As Asia-Pacific tentatively starts opening to international air travel, Beijing’s tough ‘Zero-Covid’ approach means an air travel recovery will be anything but complete for airlines.
According to IATA’s travel regulation map, China imposes tough requirements for those entering the country, including two weeks of quarantine. This is in contrast to regional peers, which are cautiously doing away with quarantines, replacing them with vaccine mandates for passengers and Covid-19 testing regimes.
Leisure travel to China is basically out, and there are even considerable restrictions on visa holders. Moreover, the restrictions will discourage Chinese residents from travelling abroad, let alone support the legions of package tours that fuelled so much Chinese air traffic growth before the coronavirus pandemic.
Beijing’s commitment to Zero-Covid is underlined by its rapid development of “health stations,” where arrivals will serve their two weeks of quarantine. This initiative is exemplified by a 5,000 bed facility in Guangzhou, located 20 miles (32.2km) from Guangzhou’s Baiyun International Airport. Guests communicate with staff through an in-room intercom, with meals served by robot.
Cirium schedules data offers a dramatic sense of how big the China black hole will be for at least the short to medium term. This also applies to Hong Kong and Macau, which are more intent on travel ties to the Mainland than the broader world.
In the year through September 2019, before the emergence of Covid-19, airlines operated 344,148 flights from Southeast Asia to Mainland China, this collapsed to just 8,710 in the year through September 2021. Seats offered on services to China fell 97.1% to just 1.9 million.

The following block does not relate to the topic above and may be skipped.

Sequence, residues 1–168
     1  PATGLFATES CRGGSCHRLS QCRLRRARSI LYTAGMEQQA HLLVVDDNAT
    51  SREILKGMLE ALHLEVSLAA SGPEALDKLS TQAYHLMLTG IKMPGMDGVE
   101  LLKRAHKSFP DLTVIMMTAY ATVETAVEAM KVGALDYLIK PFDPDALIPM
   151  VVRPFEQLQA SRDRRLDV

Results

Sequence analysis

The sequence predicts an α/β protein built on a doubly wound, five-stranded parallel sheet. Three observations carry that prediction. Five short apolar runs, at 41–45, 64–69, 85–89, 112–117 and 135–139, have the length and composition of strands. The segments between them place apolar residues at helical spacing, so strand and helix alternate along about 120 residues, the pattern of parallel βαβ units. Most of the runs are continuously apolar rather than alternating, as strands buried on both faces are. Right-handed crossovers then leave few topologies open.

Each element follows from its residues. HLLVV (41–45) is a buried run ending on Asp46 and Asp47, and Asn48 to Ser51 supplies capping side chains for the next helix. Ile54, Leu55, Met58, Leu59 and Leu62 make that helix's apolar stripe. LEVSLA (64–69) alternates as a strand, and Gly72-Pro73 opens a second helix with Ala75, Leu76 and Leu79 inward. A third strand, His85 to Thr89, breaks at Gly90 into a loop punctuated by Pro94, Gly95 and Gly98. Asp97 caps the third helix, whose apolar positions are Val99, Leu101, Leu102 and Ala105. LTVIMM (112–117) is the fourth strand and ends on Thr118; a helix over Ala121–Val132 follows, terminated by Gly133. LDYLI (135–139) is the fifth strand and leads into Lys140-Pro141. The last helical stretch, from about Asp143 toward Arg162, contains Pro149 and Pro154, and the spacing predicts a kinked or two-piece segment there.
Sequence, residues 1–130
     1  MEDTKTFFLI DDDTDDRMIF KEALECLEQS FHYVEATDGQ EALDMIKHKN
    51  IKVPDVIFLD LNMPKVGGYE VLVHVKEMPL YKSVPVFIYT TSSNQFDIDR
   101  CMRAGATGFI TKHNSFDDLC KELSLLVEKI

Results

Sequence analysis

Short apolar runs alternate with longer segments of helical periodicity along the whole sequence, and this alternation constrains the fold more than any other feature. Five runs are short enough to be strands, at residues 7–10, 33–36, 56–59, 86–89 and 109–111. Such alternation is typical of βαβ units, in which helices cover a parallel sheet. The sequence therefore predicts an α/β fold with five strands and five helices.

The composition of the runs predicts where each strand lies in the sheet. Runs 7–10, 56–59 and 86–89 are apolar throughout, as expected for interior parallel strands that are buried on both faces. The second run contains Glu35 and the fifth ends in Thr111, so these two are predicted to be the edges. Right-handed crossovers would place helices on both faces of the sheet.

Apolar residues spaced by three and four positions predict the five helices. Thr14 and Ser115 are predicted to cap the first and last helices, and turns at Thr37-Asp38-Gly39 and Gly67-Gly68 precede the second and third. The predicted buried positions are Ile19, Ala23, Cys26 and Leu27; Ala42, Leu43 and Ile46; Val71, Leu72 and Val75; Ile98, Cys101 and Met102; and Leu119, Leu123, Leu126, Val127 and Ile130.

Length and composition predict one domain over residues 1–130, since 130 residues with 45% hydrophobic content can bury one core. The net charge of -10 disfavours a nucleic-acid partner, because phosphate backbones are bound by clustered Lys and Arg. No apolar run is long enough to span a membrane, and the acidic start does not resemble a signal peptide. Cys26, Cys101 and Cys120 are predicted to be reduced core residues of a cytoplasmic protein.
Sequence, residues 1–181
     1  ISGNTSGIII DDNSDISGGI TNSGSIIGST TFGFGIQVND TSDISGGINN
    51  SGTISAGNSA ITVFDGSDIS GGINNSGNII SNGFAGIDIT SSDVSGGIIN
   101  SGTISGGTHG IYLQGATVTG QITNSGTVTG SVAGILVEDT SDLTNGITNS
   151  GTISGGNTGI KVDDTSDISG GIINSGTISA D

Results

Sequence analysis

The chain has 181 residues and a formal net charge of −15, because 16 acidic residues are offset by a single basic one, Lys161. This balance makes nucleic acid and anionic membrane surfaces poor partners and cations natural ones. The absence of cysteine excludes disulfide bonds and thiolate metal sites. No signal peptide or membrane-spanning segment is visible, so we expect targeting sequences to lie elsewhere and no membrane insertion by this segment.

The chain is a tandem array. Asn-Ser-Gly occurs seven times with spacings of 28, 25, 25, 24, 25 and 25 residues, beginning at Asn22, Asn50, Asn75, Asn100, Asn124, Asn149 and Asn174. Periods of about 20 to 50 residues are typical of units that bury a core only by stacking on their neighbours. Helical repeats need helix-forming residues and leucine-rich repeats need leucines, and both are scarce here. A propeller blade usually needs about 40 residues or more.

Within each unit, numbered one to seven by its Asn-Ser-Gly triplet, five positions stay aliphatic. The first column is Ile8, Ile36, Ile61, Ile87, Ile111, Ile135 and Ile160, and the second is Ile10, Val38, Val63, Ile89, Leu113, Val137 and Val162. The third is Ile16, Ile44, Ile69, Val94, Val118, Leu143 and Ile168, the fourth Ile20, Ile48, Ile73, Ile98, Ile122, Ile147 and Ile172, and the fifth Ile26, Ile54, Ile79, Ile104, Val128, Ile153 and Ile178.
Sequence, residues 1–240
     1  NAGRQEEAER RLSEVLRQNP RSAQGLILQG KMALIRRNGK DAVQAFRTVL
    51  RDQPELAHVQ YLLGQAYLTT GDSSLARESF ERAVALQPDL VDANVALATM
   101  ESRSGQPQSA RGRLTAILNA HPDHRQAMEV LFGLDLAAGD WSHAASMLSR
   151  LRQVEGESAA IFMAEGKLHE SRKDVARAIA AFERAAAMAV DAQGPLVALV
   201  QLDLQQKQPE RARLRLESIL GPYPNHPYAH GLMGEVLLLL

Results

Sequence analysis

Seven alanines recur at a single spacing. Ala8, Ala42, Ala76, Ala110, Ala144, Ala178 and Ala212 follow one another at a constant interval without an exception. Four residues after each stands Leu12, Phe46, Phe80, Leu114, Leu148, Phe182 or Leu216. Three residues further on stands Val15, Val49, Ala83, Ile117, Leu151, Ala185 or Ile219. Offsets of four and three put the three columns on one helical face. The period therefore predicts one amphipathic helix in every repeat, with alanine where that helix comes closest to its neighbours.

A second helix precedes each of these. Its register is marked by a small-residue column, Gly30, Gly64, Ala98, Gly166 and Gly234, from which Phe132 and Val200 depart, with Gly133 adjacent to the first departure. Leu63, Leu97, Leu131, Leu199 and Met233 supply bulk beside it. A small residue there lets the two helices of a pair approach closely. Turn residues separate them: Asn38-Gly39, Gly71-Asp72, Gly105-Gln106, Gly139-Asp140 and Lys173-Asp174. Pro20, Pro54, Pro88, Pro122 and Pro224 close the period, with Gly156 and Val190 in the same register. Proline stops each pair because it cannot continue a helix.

On a seat basis, the top ten carriers on Southeast Asia to China routes to September 2019 were a mix of Chinese carriers as well as low-cost airlines such as Thai Lion Air, Thai AirAsia, Scoot, and AirAsia. Thai Airways and AirAsia X, both of whom are undergoing wrenching restructurings, also figured prominently in the former Southeast Asia-China market.
One industry observer feels that China is basically irreplaceable, but that it is impossible to distribute former China capacity to other markets given that there is so much uncertainty around how the recovery will unfold. This, however, is mitigated by airlines having so many aircraft in storage. Moreover, China has traditionally been a tough market, characterised by overcapacity and low yields.
Traffic into China from north Asian countries such as Japan, South Korea, and Taiwan has also collapsed. In the year through September 2019, airlines offered 58 million seats into China, a number that collapsed to 3.56 million in the year through September 2021.
A similar picture exists on routes to China from other key global air travel markets.
Beyond the major carriers, small operators in countries such as Cambodia, and Myanmar and Laos will continue to be hard-hit by the absence of China traffic, given they are small with a near-exclusive focus on Mainland China.
And when China does eventually start to open it is unclear if group tours, so long the engine of China air travel growth, will bounce back rapidly.
Moreover, 2022 is a critical year for China. In February Beijing hosts the 2022 Winter Olympics, an event it will not like to see marred by a Covid-19 outbreak. It has already banned overseas spectators from the event.
Then, in October 2022, it will hold the 20th Congress of the Chinese Communist Party (CCP). This event is expected to give Xi Jinping a third term as China’s president. Given the political sensitivity of this occasion, and CCP’s desire to highlight its victory over coronavirus, Beijing could end up sticking with Zero-Covid until late 2022 or even beyond.
In this eventuality, airlines that based so much of their former strategy on an open, vibrant international Chinese travel market will spend long months scraping for alternatives.